WILLIAM O. ANGELBECK
Department of Anthropology, University of British Columbia, Vancouver, BC V6T 1Z4, CANADA.
This inquiry focuses on warfare in the Coast Salish past. Located in the Northwest Coast of North America, the Coast Salish practiced warfare as a basic component of their culture, and warfare manifested in two main periods. Archaeologically, fortified defensive sites were constructed from 1600 to 500 BP. According to ethnohistoric documents and oral histories, conflicts also erupted in the decades after Euroamerican contact, about AD 1790. For this study, I incorporate archaeological, ethnographic, ethnohistoric, and oral historical data for an investigation of warfare, including Coast Salish practices, protocols, and ideology. I assess the types of settings in which warfare occurred and evaluate the motivations for conflict. Finally, I examine these practices for insights into Coast Salish sociopolitical organization and how it altered through time.
To evaluate the array of data, I employ a theoretical framework integrating power, practice, and anarchism. For power, I implement Eric Wolf’s modes of power to assess the intensity of conflicts and scales of defensive site construction. For practice, I harness Pierre Bourdieu’s materialist approach to culture, which is focused on historical, human actions, or practices; moreover, Bourdieu’s multiple types of capital provide a rubric for assessing motivations for warfare as individuals pursue and exchange various forms of capital. The theory of anarchism provides principles for evaluating the dynamics of societies without formal governments. These include an emphasis on local autonomy, voluntary association, mutual aid, network organization, and the decentralization of authority (and resistance to concentrations of authority). This framework illuminates how these principles varied throughout the Coast Salish past and highlights significant differences in defensive structures between precontact and colonial periods.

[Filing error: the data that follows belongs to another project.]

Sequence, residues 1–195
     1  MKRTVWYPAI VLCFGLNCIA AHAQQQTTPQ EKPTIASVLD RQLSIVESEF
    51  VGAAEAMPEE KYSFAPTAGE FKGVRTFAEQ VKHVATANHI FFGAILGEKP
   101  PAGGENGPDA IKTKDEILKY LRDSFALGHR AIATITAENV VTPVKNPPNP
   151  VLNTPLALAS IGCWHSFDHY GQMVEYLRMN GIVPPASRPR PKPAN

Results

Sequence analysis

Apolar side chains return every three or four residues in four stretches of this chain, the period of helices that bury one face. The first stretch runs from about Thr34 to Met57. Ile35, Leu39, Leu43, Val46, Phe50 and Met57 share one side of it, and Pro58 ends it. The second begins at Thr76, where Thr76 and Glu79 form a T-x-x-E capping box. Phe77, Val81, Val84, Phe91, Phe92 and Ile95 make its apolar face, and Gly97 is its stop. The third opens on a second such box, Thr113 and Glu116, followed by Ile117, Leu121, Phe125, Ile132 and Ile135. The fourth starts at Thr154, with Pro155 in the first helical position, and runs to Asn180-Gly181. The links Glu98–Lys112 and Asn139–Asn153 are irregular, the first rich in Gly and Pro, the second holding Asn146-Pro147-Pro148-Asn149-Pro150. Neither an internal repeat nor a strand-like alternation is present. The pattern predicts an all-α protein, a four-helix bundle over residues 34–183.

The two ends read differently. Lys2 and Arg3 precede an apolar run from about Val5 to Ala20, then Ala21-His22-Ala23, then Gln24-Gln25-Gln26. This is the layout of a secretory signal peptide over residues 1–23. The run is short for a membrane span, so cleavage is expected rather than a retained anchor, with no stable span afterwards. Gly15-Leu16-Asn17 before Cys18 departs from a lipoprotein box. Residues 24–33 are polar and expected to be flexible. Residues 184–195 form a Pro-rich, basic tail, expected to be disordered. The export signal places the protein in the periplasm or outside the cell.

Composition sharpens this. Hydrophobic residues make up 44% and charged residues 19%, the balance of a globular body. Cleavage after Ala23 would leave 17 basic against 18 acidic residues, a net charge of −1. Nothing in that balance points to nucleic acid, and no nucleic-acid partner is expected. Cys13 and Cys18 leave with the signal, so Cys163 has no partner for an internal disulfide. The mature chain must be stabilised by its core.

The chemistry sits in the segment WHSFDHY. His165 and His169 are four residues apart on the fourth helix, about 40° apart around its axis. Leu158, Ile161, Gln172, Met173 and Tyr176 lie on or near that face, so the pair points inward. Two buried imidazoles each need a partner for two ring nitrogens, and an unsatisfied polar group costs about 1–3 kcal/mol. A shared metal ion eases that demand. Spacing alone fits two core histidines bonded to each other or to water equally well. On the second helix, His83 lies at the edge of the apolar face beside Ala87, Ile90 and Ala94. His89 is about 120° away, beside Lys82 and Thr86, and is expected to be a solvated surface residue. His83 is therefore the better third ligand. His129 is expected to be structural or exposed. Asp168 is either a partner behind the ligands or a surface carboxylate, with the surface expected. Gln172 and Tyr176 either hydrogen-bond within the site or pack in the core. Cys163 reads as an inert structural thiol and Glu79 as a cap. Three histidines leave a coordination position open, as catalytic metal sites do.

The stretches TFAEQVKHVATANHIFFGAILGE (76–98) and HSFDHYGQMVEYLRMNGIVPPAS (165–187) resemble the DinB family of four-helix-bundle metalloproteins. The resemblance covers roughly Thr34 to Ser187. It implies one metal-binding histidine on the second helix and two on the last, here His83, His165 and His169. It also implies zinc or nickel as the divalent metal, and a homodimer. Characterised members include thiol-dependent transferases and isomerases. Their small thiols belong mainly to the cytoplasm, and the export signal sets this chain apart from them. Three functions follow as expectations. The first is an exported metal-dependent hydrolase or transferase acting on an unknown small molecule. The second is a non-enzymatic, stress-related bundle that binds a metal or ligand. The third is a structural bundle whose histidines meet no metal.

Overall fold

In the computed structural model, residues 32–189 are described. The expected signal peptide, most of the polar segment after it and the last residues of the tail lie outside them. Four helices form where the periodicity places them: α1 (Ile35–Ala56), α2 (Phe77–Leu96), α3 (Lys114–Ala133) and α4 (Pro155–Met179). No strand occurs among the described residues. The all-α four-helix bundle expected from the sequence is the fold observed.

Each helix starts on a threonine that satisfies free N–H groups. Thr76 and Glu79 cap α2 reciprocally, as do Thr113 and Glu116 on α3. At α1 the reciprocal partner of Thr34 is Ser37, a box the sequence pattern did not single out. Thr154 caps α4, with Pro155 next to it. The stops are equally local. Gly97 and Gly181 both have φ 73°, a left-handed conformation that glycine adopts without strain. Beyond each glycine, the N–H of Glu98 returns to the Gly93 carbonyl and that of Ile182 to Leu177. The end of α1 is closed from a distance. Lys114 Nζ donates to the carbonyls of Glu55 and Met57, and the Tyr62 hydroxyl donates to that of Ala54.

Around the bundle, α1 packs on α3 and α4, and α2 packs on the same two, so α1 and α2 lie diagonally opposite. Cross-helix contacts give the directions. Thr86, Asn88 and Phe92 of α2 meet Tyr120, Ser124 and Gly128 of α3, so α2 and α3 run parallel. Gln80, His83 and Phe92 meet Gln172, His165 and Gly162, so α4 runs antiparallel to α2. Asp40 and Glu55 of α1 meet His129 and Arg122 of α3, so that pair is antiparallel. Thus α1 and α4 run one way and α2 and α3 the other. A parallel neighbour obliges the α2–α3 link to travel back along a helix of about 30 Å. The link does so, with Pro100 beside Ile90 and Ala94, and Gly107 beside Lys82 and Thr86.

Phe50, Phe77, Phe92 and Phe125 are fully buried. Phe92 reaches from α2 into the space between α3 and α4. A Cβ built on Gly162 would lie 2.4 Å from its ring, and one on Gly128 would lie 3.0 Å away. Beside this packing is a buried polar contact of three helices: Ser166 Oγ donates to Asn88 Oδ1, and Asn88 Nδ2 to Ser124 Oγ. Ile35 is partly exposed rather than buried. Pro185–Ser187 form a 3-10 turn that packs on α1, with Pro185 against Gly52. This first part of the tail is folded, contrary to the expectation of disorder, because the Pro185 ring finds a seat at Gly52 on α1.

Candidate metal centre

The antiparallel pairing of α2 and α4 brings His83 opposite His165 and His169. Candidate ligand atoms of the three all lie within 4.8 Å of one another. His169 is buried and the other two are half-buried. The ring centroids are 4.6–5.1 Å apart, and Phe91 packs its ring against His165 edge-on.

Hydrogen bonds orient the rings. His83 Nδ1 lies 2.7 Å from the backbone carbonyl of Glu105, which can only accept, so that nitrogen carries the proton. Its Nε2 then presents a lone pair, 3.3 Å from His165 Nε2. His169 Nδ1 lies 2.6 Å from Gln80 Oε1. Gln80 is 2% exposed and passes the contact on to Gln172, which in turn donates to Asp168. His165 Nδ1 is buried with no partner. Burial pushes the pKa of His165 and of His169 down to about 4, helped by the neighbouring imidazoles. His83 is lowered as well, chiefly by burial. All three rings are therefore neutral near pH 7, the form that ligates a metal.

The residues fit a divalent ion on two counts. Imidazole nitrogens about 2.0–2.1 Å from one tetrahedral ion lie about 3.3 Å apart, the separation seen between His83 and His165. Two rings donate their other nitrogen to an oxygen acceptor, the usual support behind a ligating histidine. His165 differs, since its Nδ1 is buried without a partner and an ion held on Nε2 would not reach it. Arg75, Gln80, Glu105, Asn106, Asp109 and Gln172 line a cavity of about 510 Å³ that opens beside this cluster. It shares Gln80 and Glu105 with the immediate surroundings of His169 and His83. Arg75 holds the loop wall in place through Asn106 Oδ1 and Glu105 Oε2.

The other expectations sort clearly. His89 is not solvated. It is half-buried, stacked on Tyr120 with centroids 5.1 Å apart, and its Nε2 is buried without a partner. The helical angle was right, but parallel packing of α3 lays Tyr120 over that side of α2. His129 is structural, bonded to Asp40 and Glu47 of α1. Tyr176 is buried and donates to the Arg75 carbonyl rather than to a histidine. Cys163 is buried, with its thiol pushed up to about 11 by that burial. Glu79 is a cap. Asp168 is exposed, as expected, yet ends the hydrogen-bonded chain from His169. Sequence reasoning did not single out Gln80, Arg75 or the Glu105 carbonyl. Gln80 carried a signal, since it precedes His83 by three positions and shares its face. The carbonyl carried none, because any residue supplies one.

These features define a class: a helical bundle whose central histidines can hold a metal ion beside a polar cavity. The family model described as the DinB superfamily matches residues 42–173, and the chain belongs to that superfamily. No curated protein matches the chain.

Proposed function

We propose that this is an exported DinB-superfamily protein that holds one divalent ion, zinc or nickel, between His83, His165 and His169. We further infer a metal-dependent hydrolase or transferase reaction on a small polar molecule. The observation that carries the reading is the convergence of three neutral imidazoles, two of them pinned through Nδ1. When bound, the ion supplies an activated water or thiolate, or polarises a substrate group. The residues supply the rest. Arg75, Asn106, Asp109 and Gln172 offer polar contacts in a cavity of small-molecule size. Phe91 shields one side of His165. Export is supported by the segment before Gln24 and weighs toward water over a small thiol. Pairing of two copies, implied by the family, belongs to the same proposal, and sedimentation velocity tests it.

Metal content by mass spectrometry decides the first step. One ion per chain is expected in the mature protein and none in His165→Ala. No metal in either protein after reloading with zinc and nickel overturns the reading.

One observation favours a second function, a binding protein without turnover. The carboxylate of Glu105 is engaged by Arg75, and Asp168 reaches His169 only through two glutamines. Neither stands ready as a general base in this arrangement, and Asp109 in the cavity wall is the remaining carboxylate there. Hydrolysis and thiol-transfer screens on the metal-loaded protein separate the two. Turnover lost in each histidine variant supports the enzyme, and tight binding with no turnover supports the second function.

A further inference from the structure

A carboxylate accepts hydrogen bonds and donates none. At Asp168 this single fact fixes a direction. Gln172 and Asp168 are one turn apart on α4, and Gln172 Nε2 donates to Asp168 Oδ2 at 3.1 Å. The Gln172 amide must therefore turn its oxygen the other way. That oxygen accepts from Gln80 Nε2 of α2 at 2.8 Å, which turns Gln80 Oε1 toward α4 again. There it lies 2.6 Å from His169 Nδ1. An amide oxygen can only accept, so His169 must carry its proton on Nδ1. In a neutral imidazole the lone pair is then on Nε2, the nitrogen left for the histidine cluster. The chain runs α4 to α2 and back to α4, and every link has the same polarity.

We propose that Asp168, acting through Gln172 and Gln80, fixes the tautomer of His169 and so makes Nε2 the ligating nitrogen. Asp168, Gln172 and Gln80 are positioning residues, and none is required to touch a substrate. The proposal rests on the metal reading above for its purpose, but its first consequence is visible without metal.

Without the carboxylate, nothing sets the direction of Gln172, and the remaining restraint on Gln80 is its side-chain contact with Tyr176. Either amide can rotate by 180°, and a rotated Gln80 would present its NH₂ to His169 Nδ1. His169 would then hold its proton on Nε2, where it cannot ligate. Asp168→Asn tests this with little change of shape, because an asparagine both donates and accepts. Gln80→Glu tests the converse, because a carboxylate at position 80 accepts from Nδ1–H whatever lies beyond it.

Both periods of warfare appear after phases of increasing entrenchment of elite power and hegemony (2400 - 1600 BP and ca. 500 to 200 BP). Both periods also exhibit a broader expanse of elites, or nouveau riche. I conclude that warfare was an anarchic practice implemented by Coast Salish factions to destabilize elite power structures and allow non-elites to gain wealth and prestige. These practices resulted in the decentralization of power––a heterarchy of chiefs, rather than a centralized chiefdom.